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Opinion - Mental health education, a call for psychiatric ward: Zambezi perspective

2023-11-21  Correspondent

Opinion - Mental health education, a call for psychiatric ward: Zambezi perspective

Mutonga Musunga


The year 2023 has in its own way brought me thinking that the community of Zambezi region in particular has not considered the seriousness of mental health. The issue of mental instability among individuals has become a norm that is acceptable without any stress even among family members. During the past years, situations involving serious mental incapacitation were not common. The people learned to live by it and mostly divorced the family members who became victims of such consequences. 

This situation has so much evolved that many regard it as normal. My main worry is that unlike in the past, now it is almost every corner of the Katima Mulilo town where you meet someone with a compromised mental state. One wonders whether the issue regarding mental instability only ends with those who roam the streets. I tend to disagree because the escalating issues of crime and abuse of narcotic substances have taken centre stage. Though not a specialist in psychology, I still believe that some mental-related circumstances can be reversible. Many of the illnesses have just developed into chronic stages because no one was available to assist. Moreover, there was no facility nearby where such a patient could be admitted for treatment and rehabilitation.

In Namibia, the prevalence of mental illnesses is estimated at 25.6% and is expected to double by 2025. The main drivers of mental illnesses in Namibia have been attributed to abuse of illicit drugs and alcohol, chronic infections as well as socio-economic factors among others. The duty vested in our social welfare practitioners is patriotic, however, the curve of mental instability keeps rising. Not only visible mental incapacity should be considerable here. Some questionable decisions taken by staff members at workplaces, impatience, anger, and aggravated temper suggest symptoms of mental instability among community members.

The main intervention to reduce the burden of mental illnesses globally and in Namibia is the integration of mental health care in primary healthcare. Unfortunately for the Zambezi region, it still remains a dream because patients who fall prey to this kind of illness do not receive the required treatment and care because there is no facility specially made to take care of these patients. It has become a norm that if a family member has such an illness, the best place to be is the street without treatment; loitering in the streets of Katima Mulilo. Seeing the situation even in villages, leaves one wondering how we can sleep with a clear conscious.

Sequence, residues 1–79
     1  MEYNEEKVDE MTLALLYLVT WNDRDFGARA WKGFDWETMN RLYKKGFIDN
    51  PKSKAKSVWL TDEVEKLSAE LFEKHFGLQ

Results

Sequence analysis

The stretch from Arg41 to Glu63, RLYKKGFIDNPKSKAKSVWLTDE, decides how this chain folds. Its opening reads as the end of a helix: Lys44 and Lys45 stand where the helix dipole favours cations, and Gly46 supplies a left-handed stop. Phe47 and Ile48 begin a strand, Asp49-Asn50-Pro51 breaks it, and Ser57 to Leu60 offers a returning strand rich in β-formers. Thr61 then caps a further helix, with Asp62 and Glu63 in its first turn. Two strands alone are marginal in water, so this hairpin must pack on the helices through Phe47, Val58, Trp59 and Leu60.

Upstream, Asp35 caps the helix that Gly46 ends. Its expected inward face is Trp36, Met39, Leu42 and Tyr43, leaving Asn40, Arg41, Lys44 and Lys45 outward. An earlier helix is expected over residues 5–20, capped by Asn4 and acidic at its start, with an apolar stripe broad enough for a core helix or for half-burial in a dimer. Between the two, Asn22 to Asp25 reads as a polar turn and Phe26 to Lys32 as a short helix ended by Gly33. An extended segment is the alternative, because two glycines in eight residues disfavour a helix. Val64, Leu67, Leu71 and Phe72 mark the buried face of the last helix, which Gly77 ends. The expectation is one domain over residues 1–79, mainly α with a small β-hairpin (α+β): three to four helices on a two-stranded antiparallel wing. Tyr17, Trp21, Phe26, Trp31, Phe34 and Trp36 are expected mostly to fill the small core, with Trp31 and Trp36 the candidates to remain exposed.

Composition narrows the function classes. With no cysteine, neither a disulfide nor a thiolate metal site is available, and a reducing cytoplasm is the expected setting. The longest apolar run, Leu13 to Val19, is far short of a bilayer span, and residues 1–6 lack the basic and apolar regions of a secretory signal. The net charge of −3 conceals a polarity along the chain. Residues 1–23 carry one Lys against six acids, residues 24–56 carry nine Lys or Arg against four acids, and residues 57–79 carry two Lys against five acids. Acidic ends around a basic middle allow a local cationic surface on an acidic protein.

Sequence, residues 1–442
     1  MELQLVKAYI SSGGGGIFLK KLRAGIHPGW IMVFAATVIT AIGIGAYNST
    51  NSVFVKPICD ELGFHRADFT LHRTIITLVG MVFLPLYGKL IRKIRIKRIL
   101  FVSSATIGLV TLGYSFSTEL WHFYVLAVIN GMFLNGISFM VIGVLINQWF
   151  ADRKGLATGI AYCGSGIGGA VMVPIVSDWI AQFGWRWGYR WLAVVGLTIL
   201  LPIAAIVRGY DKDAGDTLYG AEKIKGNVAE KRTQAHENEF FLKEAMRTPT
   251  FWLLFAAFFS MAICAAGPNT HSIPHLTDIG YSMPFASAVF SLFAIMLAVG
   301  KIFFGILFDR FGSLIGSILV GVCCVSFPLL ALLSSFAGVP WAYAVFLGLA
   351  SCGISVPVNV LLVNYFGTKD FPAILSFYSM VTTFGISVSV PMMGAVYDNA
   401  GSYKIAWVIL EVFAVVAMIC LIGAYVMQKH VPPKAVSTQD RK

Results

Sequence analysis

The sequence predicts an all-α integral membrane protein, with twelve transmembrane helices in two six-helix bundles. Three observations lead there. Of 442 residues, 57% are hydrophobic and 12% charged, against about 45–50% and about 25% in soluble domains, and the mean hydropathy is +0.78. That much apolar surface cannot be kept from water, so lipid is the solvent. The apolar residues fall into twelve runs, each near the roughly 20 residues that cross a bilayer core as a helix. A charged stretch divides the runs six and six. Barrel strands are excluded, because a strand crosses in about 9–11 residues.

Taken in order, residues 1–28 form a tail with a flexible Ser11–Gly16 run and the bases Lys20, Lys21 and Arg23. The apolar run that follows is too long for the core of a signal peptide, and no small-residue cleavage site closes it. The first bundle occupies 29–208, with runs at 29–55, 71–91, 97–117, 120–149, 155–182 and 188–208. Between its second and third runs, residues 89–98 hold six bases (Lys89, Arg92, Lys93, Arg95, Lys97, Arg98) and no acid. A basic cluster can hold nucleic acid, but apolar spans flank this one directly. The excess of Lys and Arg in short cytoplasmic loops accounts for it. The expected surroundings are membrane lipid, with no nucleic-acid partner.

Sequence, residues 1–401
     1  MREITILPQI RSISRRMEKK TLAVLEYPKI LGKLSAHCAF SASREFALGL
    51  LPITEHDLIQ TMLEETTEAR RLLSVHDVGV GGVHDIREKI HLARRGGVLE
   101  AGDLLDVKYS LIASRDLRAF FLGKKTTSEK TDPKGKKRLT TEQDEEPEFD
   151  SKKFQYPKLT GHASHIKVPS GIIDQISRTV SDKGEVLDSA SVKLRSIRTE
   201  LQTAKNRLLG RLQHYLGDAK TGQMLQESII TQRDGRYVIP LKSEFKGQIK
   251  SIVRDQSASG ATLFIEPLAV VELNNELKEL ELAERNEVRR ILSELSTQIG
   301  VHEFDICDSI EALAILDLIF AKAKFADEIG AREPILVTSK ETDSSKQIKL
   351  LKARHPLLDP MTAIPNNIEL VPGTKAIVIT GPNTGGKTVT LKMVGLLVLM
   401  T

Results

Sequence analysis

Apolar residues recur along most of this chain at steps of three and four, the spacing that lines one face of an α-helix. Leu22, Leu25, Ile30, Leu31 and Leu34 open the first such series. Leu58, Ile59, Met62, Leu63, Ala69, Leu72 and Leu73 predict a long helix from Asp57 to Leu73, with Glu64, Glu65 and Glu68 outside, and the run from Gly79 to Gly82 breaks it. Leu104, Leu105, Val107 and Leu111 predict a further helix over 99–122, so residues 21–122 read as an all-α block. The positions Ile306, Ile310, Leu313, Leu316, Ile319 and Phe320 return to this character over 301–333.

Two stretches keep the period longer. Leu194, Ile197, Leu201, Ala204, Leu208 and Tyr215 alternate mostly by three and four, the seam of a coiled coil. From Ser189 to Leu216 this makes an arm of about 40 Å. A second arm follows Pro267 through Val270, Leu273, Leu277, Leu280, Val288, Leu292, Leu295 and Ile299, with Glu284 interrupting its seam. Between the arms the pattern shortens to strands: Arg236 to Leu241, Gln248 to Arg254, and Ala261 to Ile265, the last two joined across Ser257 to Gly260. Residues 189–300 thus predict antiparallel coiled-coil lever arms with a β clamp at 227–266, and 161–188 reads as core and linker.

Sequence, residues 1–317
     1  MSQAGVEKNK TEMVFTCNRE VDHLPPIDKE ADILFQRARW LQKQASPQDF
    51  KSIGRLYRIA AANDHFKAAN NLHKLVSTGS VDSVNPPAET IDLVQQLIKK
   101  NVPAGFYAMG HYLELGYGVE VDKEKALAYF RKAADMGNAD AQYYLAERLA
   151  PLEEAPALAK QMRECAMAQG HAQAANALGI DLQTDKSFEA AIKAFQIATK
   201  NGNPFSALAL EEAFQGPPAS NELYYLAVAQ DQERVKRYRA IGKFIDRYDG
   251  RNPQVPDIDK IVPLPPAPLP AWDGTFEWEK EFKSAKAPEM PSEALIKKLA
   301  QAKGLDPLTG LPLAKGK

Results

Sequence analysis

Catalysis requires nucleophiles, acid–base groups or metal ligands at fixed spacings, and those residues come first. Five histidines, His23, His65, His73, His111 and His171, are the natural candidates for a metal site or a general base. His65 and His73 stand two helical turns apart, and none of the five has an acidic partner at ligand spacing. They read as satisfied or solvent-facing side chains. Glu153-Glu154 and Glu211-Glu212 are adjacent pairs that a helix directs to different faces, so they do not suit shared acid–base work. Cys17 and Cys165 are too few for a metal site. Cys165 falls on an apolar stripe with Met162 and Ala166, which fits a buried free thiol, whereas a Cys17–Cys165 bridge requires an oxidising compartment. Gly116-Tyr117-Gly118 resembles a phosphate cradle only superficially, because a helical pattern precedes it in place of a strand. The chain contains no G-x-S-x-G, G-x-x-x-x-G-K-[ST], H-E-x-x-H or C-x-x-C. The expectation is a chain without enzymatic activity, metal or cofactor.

Mental health is a state of mental well-being that enables people to cope with the stresses of life, realise their abilities, learn well and work well, and contribute to their community. 

It is an integral component of health and well-being that underpins our individual and collective abilities to make decisions, build relationships, and shape the world we live in. Mental health is a basic human right. And it is crucial to personal, community, and socio-economic development.

Mental health is more than the absence of mental disorders. It exists on a complex continuum, which is experienced differently from one person to the next, with varying degrees of difficulty and distress and potentially very different social and clinical outcomes.

Exposure to unfavourable social, economic, geopolitical and environmental circumstances – including poverty, violence, inequality, and environmental deprivation – also increases people’s risk of experiencing mental health conditions.

A hospital-based retrospective medicine utilisation analysis of Facility Electronic Stock Card (FESC) psychotropic medication was conducted at Intermediate Hospital Katutura over a seven-year period, 2011–2017. The main outcomes were consumption rates, Daily Defined Dose, (DDD) and/or expenditure.

Of the 580 351,4 DDD of psychotropic medicines consumed, 84% were anti-psychotics, 9.2% anti-depressants and 6.8% anxiolytics. Anti-psychotics (48.8%) and anxiolytics (47.9%) had the highest consumption by cost relative to anti-depressants (3.3%). The most consumed antidepressants were imipramine (62%) by DDD and fluoxetine (55.8%) by cost. The most consumed anti-psychotics were chlorpromazine (74.6%) by DDD and haloperidol (68.4%) by cost respectively. Diazepam (79.4%) and hydroxyzine (94.2%) were the most consumed sedative-hypnotics by DDD and cost respectively.

One can easily see that most people are affected mentally. This is becoming a challenge that calls for vigilance and cute alert. People are sick in the mind. Something needs to be done soon. Medication is expensive and may not be affordable by many if the situation becomes worse. One may never know in which state of mind the person serving you is. Some situations are discovered too late. Therefore, education in mental health should be totally encouraged in all settings. In schools, it should not only be left to life skill teachers but all teachers should pay attention to questionable behaviours.

Finally, the challenge herein does not only focus on the Zambezi region alone but a situation that calls for integrated effort towards the well-being of our society. Stress has no boundaries nowadays. We have seen children with very young age committing unbelievable crimes or even committing suicide. Zambezi as one region that is extensive in distance from the national capital really needs a facility with specialised skills to take care of the developing societal problem in mental health.


* Mutonga Musunga is a PhD candidate in Education.

2023-11-21  Correspondent

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